gestDoes the use of strict counterpoint preclude emotion? Of course not, and Brahms’ earliest accompanied choral work, Geistliches Lied, is proof (should proof be needed). Brahms was 23 when he composed it, the same year Schumann died, and it had only been three years since he first began to attract widespread public acclaim, during and after his concert tour of April and May 1853. This “sacred song”, to a poem by Paul Fleming about the acceptance of fate and trust in God, may have originated from complex exercises in counterpoint Brahms was exchanging with his friend Joseph Joachim at the time.

Geistliches Lied is set as a double canon, with the tenor part imitating the soprano part four beats later at the unusual interval of a ninth, and then the bass doing the same with the alto using a different melody that fits in with the first. It’s an entirely audible process, but listeners don’t need to know it’s happening and quite probably will not notice at all. Somehow the lines still come together at key points in the text (such as the rising figures on the words “sei stille”) and for cadences without breaking the canon. This is largely achieved through the careful placement of rests or the lengthening or shortening of notes in the individual parts.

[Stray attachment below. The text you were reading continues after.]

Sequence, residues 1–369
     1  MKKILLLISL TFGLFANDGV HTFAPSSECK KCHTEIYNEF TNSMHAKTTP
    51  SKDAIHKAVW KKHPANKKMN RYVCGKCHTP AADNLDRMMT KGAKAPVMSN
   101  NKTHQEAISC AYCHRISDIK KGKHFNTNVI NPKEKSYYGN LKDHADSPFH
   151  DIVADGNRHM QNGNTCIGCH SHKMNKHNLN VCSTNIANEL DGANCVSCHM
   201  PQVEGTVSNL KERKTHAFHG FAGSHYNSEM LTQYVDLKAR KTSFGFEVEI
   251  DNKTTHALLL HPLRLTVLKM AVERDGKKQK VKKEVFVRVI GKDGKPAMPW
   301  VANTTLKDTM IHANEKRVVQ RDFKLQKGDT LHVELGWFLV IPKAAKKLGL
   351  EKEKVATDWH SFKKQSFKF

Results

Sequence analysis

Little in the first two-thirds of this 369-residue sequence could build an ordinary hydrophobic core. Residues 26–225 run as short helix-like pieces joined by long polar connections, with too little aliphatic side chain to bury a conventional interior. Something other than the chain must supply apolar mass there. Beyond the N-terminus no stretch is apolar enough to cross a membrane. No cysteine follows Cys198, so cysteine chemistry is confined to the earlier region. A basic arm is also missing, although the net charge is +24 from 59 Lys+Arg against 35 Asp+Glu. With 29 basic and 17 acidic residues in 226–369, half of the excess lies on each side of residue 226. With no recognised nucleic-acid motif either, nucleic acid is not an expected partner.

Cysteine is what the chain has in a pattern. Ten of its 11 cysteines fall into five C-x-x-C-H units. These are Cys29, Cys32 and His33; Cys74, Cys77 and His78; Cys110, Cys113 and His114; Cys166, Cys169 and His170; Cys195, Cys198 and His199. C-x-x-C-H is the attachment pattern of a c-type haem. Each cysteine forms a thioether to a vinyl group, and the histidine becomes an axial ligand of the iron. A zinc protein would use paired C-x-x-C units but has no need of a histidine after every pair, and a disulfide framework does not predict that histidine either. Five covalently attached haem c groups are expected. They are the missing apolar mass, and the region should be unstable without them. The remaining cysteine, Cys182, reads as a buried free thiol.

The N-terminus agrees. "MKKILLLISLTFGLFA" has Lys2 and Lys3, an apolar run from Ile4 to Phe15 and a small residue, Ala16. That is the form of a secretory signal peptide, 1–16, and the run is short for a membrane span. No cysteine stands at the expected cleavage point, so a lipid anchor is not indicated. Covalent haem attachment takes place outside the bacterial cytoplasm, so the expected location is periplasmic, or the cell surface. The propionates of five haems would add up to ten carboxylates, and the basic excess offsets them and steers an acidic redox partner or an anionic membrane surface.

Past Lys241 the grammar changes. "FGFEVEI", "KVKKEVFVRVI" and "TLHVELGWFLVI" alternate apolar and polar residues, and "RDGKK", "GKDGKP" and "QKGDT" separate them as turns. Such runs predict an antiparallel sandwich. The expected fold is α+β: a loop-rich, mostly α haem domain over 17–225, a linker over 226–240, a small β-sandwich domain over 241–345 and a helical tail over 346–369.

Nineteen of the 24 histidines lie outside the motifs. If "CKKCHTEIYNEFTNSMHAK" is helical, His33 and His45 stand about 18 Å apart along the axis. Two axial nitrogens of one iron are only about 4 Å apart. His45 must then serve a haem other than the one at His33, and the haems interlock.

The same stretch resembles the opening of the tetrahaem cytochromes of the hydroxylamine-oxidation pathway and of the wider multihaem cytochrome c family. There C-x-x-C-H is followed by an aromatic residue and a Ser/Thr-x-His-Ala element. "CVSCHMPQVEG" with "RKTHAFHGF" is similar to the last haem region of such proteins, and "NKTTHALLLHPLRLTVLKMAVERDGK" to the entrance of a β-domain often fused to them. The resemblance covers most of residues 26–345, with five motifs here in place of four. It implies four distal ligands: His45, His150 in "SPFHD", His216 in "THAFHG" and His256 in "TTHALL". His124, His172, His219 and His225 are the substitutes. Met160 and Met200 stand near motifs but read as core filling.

The organ accompaniment also plays its part. The opening, as well as anticipating the canons to come, introduces the rising lines that (along with its low E-flat pedal point) underpin the amazing Amen coda. Here the thought of any formal musical procedures seems miles away as a soaring soprano line leads into a series of intense suspensions that descend and resolve with agonizing slowness to provide the emotional release. However, even here canonic elements remain in place, reversed this time as the basses lead with the altos following two bars later. They are allowed to complete their first Amen before the second canonic group enters for the climax of the work, with the sopranos and tenors (now a half bar apart) both reaching their highest notes in the piece.

I once had to arrange a funeral at St Bride’s Church in London (which had at the time a brilliant professional choir attached), and I asked them to sing this. Nearly 20 years later I still remember the incredible emotional impact on the congregation this final Amen had.